92. Increasing Caloric Intake and Decreasing Tube Dependence in Children with Pediatric Feeding Disorders
Domain: Applied Research
KERRI CALTABIANO (Clinic 4 Kidz), Ashlee Marie Matrigali Jackson (Clinic 4 Kidz), Elizabeth Kunz (Clinic 4 Kidz ), Meeta R. Patel (Clinic 4 Kidz)
Discussant: Kat Monlux (Stanford University)
Abstract: Tube dependency occurs when individuals require enteral feeding to achieve appropriate nutritional intake. Gastrostomy (G-) tube dependence, generally occurring in infants and toddlers can become necessary due to medical conditions such as prematurity, chromosomal anomalies, and cardiac conditions, and can also occur due to behavioral or sensory issues. Tube dependency, which may initially occur due to medical complications, can lead to physical and emotional dependency on tube feedings. Therefore, the purpose of this study was to increase caloric intake orally, while decreasing tube dependency in three children with feeding disorders, and a variety of medical conditions, including but not limited to failure to thrive (FTT) gastroesophageal reflex (GER), sleep apnea, prematurity, autism, and chromosomal anomalies (i.e., DiGeorge syndrome). Weight gain and growth were measured throughout treatment, and oral motor skills development was targeted throughout treatment as well. By implementing structured mealtime protocols which used common principles of applied behavior analysis (i.e., noncontingent reinforcement, differential reinforcement, escape extinction), in addition to providing oral desensitization and oral motor skills training, we successfully eliminated tube dependency and achieved oral intake of caloric needs for all three children.
 
93. Effects of Writing and Peer Editing with a Script on the Acquisition of Read-Do Correspondence
Domain: Service Delivery
Brittany Dianne Bly (Teachers College Columbia University), MELISSA BENINSIG (Teachers College Columbia University), Emily Anne Jestus (Teachers College Columbia University)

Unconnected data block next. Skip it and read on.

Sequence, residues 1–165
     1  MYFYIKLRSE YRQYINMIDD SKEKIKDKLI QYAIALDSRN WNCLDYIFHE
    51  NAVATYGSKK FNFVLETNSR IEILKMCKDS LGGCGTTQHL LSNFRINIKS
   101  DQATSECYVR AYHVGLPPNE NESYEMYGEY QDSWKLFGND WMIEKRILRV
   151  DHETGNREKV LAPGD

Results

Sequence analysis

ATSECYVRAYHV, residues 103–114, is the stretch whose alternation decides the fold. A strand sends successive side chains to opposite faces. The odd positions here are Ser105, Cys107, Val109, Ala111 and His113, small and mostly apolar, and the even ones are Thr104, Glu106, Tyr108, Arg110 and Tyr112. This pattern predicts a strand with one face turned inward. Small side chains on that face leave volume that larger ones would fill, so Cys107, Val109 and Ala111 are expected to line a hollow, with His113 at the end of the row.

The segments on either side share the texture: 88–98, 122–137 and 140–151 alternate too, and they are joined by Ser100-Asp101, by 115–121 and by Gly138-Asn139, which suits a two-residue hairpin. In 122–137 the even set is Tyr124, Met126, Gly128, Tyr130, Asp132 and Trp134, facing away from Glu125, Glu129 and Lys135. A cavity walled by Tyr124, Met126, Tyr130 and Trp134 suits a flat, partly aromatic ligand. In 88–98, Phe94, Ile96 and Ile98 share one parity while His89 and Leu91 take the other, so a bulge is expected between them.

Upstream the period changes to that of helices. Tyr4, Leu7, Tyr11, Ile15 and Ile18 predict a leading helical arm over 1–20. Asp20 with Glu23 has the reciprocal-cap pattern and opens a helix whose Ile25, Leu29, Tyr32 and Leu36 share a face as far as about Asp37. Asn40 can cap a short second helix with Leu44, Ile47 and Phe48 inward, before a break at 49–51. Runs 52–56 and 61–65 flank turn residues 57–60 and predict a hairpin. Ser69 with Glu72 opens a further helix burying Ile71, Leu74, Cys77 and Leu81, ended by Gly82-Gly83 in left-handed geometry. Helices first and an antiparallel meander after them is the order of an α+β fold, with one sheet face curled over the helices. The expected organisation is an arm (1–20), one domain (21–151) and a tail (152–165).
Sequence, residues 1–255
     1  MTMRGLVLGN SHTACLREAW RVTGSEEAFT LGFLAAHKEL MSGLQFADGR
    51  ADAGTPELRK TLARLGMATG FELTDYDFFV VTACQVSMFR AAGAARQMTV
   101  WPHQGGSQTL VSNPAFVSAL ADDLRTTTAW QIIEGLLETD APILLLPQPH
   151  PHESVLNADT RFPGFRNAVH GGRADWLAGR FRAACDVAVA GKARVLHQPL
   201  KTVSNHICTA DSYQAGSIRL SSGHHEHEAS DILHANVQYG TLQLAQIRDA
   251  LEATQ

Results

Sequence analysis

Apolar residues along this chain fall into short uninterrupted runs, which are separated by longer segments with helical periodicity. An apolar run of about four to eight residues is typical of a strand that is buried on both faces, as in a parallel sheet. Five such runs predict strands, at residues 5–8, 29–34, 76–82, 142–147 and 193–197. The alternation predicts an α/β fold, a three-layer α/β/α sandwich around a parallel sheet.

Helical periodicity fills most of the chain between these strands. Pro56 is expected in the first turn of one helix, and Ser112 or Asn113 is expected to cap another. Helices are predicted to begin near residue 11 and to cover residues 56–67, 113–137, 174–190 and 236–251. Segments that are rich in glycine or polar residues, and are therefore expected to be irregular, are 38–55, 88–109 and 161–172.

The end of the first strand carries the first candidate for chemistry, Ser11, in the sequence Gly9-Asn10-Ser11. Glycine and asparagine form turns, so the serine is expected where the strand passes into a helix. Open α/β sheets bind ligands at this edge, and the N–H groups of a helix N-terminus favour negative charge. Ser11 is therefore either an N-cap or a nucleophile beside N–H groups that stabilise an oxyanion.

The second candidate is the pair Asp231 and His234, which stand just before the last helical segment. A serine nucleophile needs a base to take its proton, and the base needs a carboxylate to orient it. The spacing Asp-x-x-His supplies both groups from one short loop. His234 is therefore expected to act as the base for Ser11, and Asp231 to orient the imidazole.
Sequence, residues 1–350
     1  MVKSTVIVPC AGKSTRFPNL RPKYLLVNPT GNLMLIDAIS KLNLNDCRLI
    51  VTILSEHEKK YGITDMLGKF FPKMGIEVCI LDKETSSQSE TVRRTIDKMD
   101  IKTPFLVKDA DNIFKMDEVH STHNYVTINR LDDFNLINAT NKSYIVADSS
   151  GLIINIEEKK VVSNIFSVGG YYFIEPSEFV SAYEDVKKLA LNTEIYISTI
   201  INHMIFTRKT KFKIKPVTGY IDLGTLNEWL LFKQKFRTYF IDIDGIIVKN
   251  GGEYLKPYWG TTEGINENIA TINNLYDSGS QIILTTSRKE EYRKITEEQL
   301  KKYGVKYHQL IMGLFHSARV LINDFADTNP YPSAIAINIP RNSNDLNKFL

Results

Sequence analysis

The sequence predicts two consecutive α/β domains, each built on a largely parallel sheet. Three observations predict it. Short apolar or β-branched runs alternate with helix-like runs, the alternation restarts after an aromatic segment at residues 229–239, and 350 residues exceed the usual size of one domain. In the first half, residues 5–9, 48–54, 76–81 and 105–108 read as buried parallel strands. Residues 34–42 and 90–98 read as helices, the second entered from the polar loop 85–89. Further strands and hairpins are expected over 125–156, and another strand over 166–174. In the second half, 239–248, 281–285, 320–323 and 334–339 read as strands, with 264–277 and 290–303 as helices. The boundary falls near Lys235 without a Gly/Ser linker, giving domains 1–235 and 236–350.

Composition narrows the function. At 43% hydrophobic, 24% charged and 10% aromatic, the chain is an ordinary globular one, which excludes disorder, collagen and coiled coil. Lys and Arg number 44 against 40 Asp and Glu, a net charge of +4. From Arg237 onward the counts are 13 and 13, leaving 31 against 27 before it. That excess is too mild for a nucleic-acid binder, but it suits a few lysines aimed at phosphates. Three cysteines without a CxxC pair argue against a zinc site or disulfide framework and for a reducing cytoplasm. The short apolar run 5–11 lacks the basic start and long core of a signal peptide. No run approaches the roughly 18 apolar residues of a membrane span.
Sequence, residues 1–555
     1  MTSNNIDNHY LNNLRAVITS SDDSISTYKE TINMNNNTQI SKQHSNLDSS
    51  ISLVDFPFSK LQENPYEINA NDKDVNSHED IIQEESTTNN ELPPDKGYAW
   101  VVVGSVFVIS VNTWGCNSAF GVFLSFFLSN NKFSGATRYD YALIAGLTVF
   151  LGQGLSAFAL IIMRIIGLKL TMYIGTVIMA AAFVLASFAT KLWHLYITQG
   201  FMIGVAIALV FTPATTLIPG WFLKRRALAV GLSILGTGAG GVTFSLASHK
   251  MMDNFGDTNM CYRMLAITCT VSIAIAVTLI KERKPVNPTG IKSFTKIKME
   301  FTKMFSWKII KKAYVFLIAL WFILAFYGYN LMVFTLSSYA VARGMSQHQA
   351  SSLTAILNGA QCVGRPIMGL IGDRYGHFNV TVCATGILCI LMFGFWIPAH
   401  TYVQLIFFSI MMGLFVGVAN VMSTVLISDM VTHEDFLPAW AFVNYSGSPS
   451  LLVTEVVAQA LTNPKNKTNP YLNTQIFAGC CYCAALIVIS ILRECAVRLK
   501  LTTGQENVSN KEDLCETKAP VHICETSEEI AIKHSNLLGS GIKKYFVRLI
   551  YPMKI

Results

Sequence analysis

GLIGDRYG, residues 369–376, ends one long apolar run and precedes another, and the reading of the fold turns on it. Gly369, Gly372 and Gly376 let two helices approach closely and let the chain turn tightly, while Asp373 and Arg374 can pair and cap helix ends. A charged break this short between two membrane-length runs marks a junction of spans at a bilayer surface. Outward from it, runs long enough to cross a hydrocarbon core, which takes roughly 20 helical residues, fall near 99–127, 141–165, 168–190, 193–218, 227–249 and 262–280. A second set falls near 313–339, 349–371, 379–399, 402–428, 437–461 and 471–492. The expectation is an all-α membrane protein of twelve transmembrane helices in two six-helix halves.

Discussant: Kat Monlux (Stanford University)
Abstract: We tested the effects of writing and peer editing with a script on the acquisition of read-do correspondence and functional and structural writing for 5 4th graders. The participants did not demonstrate read-do correspondence and self-management repertoires needed to acquire higher order operants prior to the study. The researchers measured read-do correspondence through 20 written complex directions and descriptive, informative, and instructional writing probes with functional and structural components. Through a pre- and post-test design, each participant acted as a writer and a peer editor with a script. The writer read a social studies article and used a script to complete an outline and 5-6 paragraph essay about the region. Following the completion of the writer’s essay, the peer editor would read and edit the essay with a script. The peer editor returned the essay back to the writer with the feedback. The writer and editor continued this sequence until each participant reached 90% criterion for their assigned role and then switched roles until criterion was met again in the new role. Writing and peer editing were functionally related to the increase of functional and structural writing and the acquisition of read-do correspondence across participants.
 
94. An Investigation of Activities that Promote Spontaneous Engagement in Pro-Social Behaviors
Domain: Applied Research
HAILEY RIPPLE (Mississippi State University), Jonathan Tritley (Mississippi State University), Shengtian Wu (Mississippi State University), MacKenzie D Sidwell (Mississippi State University), Daniel L Gadke (Mississippi State University)